Raney: Women labored to help the U.S. win World War I

During World War I, some women joined the Marines and Navy, and many worked as nurses, but most female workers secured the home front.

Through Red Cross canteens and hospitals, charity balls and sacrifice sales, women labored to win the war. They rolled bandages, made coffee, danced with soldiers, read to and drove the wounded and knitted mounds of socks.

The National League for Women's Service, led by Mrs. Dwight P. Montague in Chattanooga, brought together women's organizations for maximum results. In 1917 the other officers of the League, Mrs. M.M. Allison, Mrs. M. Howard, Mrs. H. Goodman, Mrs. Perry Fyffe and Mrs. Earle Cook, joined in and led with great efficiency and productivity.

Mrs. Loarding-Clark was in charge of medical and nursing affairs. Mrs. R.B. Cooke shaped the home economics arena. Zella Armstrong, publisher of The Lookout magazine, managed publicity. Mrs. Joseph Brown organized the canteen; Mrs. Theodore King ran the automobile committee. Mrs. Harry Lacy oversaw general service; and Mrs. C.M. Willingham chaired the Army Comforts Committee. In charge of literary and musical entertainment were Mrs. L.G. Brown, Zella Armstrong, Mrs. Earl Cooke and Mrs. C.E. Benk.

R.R. Atkinson, a Chattanooga member of several national groups, said that rather than offering those ladies advice on how to take up this work, others should be asking them for their help. "In Chattanooga, the work is so splendidly organized, so completely under way, that we are giving advice to other cities. In fact, every city is turning to Chattanooga for help and direction as to system," according to the Aug. 4 edition of The Lookout.

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The Home Economics Committee encouraged thrift and savings by purchasing canning supplies and teaching girls and women canning and other household economy measures. Posters in schools and public buildings exhorted Americans to plant gardens for victory. The Comforts Committee sent flowers to hospitals and was assured that they were "received with joy by the men." Weekly concerts and dances uplifted the men's spirits with "girl companionship."

Chattanooga Golf and Country Club hosted balls, and committee members chaperoned. The Literary Committee gathered books, magazines and pamphlets for Y.M.C.A. tents, hospitals, and army camps. Zella Armstrong wrote that this service was "doubtless more appreciated than any other as books while away many hours "

Two committees prepared women to replace men as mechanics, chauffeurs and clerks in offices left vacant by men called to the Army. The Automobile Instruction Committee instructed young women in the art of driving and repair. Mr. W.O. Jones taught, and members learned "to drive, to change tires, repair tubes, and to clean and adjust spark plugs."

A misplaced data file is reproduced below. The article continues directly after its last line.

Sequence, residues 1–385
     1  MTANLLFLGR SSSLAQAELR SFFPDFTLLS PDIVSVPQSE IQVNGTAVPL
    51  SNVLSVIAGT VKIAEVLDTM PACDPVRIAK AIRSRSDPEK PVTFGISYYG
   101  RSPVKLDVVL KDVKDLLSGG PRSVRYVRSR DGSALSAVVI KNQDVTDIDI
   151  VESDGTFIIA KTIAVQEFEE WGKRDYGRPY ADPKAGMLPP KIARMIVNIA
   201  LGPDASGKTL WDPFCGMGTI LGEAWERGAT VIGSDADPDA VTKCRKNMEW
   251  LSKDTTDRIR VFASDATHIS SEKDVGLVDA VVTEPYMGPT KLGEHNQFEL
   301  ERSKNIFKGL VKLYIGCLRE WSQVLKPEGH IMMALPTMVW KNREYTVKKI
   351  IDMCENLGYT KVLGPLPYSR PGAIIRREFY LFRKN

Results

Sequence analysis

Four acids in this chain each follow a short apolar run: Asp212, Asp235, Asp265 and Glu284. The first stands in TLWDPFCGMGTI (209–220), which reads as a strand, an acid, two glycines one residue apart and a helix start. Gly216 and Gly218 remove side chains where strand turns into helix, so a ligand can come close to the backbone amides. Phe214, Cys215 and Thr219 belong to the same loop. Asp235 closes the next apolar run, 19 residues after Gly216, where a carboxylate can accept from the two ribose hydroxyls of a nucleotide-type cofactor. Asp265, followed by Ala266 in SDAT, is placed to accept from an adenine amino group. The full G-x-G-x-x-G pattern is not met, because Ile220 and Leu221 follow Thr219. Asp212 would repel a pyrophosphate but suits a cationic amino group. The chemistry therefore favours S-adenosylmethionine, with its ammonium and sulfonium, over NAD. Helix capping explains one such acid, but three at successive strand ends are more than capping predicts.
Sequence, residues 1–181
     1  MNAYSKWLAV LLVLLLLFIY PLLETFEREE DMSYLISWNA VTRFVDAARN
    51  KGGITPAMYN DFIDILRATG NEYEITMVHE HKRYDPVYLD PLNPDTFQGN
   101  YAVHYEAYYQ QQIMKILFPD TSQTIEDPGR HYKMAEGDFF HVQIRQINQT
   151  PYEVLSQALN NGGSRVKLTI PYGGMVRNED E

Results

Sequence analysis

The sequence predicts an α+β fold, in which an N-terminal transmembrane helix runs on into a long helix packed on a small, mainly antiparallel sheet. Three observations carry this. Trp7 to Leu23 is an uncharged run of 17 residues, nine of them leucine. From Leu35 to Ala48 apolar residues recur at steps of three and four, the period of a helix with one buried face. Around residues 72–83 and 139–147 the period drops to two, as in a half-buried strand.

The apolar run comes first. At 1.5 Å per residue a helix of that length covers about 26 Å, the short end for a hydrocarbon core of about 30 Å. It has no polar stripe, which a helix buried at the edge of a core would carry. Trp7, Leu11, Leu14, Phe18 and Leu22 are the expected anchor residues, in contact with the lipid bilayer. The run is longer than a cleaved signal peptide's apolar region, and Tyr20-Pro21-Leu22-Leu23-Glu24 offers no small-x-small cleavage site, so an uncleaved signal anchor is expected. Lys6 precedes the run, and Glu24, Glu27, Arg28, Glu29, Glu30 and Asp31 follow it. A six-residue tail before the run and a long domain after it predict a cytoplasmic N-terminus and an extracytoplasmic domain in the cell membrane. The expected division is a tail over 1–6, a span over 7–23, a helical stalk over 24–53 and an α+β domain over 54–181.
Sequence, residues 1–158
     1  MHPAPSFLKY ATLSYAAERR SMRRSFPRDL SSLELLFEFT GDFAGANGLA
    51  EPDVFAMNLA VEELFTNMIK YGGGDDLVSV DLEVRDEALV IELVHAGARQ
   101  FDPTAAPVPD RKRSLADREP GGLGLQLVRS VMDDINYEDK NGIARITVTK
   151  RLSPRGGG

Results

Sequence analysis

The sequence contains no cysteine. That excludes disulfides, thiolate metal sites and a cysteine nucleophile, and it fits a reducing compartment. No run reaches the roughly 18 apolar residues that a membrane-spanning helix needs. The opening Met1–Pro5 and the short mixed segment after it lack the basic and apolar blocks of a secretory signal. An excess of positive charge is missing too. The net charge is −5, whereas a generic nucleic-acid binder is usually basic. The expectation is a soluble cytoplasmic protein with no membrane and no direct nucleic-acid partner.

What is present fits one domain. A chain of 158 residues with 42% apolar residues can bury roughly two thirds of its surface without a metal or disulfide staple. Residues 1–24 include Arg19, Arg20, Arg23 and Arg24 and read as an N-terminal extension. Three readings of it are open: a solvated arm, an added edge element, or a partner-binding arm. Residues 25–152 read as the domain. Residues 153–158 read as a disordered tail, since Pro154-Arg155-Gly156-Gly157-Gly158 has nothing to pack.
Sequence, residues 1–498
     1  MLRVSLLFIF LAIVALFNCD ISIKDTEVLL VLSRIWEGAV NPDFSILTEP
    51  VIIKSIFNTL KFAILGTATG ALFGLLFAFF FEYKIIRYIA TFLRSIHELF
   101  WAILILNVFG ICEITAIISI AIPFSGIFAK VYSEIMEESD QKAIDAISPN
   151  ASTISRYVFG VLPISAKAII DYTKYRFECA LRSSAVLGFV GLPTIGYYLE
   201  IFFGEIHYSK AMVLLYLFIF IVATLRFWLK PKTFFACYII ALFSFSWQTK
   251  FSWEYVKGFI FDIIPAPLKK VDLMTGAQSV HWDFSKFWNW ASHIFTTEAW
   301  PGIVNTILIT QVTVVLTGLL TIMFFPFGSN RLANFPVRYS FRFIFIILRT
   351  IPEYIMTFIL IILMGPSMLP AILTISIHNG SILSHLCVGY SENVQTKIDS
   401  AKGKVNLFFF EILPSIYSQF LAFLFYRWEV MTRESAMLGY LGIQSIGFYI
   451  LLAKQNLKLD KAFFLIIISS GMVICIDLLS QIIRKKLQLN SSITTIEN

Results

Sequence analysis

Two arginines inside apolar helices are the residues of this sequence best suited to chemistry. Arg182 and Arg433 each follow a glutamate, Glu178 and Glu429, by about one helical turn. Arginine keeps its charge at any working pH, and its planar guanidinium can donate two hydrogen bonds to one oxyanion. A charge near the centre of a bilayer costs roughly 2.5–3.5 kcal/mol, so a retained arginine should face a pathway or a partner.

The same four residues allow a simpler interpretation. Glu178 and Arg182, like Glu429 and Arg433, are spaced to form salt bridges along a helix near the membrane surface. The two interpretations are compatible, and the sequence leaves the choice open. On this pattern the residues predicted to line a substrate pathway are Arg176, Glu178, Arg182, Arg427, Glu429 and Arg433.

The female auto mechanics agreed to drive or aid the government in any way. The General Service Committee trained women in shorthand, typewriting, bookkeeping, and general office efficiency and gave them classes in French, German and Spanish.

The Red Cross worked with the Junior League to fill 500 comfort bags for three local units, Company K, Troop B and Battery B. The bags included needles, thread, toothpaste, combs, playing cards, pocket knives, shoe laces, drinking cups, handkerchiefs and writing materials. Women in white uniforms staffed canteens and operated mess tents. The Canteen Committee cooked and served food for Company K in Warner Park until all 160 men mustered into federal service.

The Junior League of Chattanooga was a pivot for much of the women's work. The League voted on April 12, 1917, to "join the National League of Women's Service as a unit." Minutes for 1917 and 1918 showed the women discussing the best way to assist in the war effort.

League members were urged to join the Red Cross Association. In September 1917, the League requested volunteers to work once a week with the Red Cross.

The June 21, 1918, minutes described the Junior League's organization of companies, captains, lieutenants and aides. The mission was to "give a word of cheer and welcome to the soldiers passing through Chattanooga on the trains and also to give them cigarettes, chewing gum, candy, and postals."

With Mrs. McClure, League president, as chairman of the Red Cross Canteen Service, the League devoted much of its money and effort to that cause and helped win the war.

Suzette Raney is archivist, Chattanooga Public Library. For more World War I information, call 423 643-7725 or visit the library. For information, visit Chattahistoricalassoc.org.

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